Datamonitor: High Costs, Cultural Hurdles Stymie Great Expectations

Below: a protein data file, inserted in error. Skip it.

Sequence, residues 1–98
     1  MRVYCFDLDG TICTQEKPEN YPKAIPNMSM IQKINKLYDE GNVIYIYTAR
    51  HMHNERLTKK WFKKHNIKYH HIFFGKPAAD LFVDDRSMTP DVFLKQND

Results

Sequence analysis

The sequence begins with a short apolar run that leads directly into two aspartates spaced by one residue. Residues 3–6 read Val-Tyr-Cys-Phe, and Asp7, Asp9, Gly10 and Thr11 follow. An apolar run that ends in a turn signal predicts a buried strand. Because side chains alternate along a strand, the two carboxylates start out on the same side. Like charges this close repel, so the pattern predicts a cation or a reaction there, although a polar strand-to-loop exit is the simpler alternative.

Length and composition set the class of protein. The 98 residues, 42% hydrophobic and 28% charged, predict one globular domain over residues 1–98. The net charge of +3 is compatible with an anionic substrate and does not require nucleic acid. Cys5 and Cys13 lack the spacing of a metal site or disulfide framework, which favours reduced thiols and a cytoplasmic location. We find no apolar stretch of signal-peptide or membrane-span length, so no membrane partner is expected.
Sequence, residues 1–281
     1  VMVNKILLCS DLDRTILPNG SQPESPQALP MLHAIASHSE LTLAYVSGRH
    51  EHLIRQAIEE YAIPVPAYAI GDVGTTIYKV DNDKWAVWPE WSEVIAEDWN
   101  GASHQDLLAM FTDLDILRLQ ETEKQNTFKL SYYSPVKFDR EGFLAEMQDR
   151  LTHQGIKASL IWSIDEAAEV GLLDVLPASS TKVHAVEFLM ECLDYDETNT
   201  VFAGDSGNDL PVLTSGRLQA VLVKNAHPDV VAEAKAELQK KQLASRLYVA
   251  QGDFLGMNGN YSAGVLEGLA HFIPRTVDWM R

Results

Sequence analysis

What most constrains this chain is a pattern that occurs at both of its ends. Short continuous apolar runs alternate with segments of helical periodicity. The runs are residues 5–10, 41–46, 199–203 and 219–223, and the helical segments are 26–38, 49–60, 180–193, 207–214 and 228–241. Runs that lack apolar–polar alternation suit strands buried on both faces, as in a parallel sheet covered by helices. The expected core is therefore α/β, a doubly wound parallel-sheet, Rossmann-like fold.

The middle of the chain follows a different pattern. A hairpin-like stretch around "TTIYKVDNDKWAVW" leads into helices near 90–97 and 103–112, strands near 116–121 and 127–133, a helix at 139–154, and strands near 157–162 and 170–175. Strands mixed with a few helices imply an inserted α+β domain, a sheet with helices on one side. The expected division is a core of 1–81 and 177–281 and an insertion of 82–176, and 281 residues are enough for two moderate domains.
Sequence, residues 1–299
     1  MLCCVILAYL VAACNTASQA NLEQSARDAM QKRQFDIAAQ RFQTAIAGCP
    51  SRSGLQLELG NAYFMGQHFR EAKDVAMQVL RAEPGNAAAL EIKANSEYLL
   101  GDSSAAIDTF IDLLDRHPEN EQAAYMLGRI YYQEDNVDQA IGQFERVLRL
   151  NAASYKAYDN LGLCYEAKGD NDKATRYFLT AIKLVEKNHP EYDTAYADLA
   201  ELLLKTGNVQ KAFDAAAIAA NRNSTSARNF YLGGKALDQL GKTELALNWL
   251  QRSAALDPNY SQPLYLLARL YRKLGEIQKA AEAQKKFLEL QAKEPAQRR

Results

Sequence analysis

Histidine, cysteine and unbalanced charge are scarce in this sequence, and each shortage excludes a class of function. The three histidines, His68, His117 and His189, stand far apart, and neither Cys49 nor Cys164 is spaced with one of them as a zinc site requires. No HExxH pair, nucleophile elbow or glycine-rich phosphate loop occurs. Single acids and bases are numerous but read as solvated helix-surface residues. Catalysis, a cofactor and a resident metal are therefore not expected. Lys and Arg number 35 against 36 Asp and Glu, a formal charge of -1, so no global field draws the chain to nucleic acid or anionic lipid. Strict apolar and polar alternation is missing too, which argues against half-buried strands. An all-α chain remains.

Here's the scary truth of it, according to findings from a study by London-based researcher Datamonitor: Forty-four percent of pharmaceutical CRM projects either fail to meet implementation time scales or result in total project failure. High-costs and cultural resistance continue to stymie many great expectations. CRM projects often become mired in political hotbeds that result in a mismatch between necessary resource and funding and a project's lofty goals. Simply put, half-hearted approaches inevitably lead to failure. This has become even more pronounced in the pharmaceutical industry, where multiple departments, each with their own political agendas, play key roles in servicing the same patients, physicians, and health maintenance organizations (HMOs) for years. But failures haven't deterred pharmaceutical companies from investing in CRM projects. These companies continue to see the promise of CRM in their industry. Datamonitor reported 82 percent of survey respondents plan to embark on a CRM project this year. Clearly, all of this adds up to one giant recipe for disaster. Datamonitor though, has a few suggestions for warding off CRM failure -- namely, planning, planning, planning. Attempting to develop a CRM implementation strategy without defining or projecting return on investment leads to companies misjudging goals and time scales, developments that inevitably cause misplaced resources and increased cost profiles, says Datamonitor. Also, with a growing emphasis on analytical CRM, pharmaceutical marketers and decision makers should upgrade from an operational-based CRM solution to an integrated operational-analytic solution. Integration, of course, is key to keeping all parties involved and on the same page. Tom Kaneshige also writes for
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